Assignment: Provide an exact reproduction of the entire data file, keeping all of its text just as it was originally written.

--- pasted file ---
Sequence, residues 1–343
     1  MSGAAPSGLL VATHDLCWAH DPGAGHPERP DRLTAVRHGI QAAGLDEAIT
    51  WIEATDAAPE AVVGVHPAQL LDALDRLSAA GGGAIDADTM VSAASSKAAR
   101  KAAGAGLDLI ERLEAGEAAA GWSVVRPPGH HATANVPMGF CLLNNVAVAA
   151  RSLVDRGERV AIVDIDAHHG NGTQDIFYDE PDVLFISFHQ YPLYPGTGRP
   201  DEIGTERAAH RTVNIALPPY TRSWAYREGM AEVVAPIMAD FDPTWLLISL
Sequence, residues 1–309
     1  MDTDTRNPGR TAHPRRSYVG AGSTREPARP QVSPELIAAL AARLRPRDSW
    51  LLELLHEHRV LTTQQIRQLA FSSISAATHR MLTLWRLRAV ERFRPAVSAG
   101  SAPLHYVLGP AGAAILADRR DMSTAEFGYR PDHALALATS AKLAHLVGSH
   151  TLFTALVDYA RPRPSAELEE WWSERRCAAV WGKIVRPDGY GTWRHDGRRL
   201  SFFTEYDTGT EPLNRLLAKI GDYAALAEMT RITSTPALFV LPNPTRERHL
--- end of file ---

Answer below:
Sequence, residues 1–343
     1  MSGAAPSGLL VATHDLCWAH DPGAGHPERP DRLTAVRHGI QAAGLDEAIT
    51  WIEATDAAPE AVVGVHPAQL LDALDRLSAA GGGAIDADTM VSAASSKAAR
   101  KAAGAGLDLI ERLEAGEAAA GWSVVRPPGH HATANVPMGF CLLNNVAVAA
   151  RSLVDRGERV AIVDIDAHHG NGTQDIFYDE PDVLFISFHQ YPLYPGTGRP
   201  DEIGTERAAH RTVNIALPPY TRSWAYREGM AEVVAPIMAD FDPTWLLISL
Sequence, residues 1–309
     1  MDTDTRNPGR TAHPRRSYVG AGSTREPARP QVSPELIAAL AARLRPRDSW
    51  LLELLHEHRV LTTQQIRQLA FSSISAATHR MLTLWRLRAV ERFRPAVSAG
   101  SAPLHYVLGP AGAAILADRR DMSTAEFGYR PDHALALATS AKLAHLVGSH
   151  TLFTALVDYA RPRPSAELEE WWSERRCAAV WGKIVRPDGY GTWRHDGRRL
   201  SFFTEYDTGT EPLNRLLAKI GDYAALAEMT RITSTPALFV LPNPTRERHL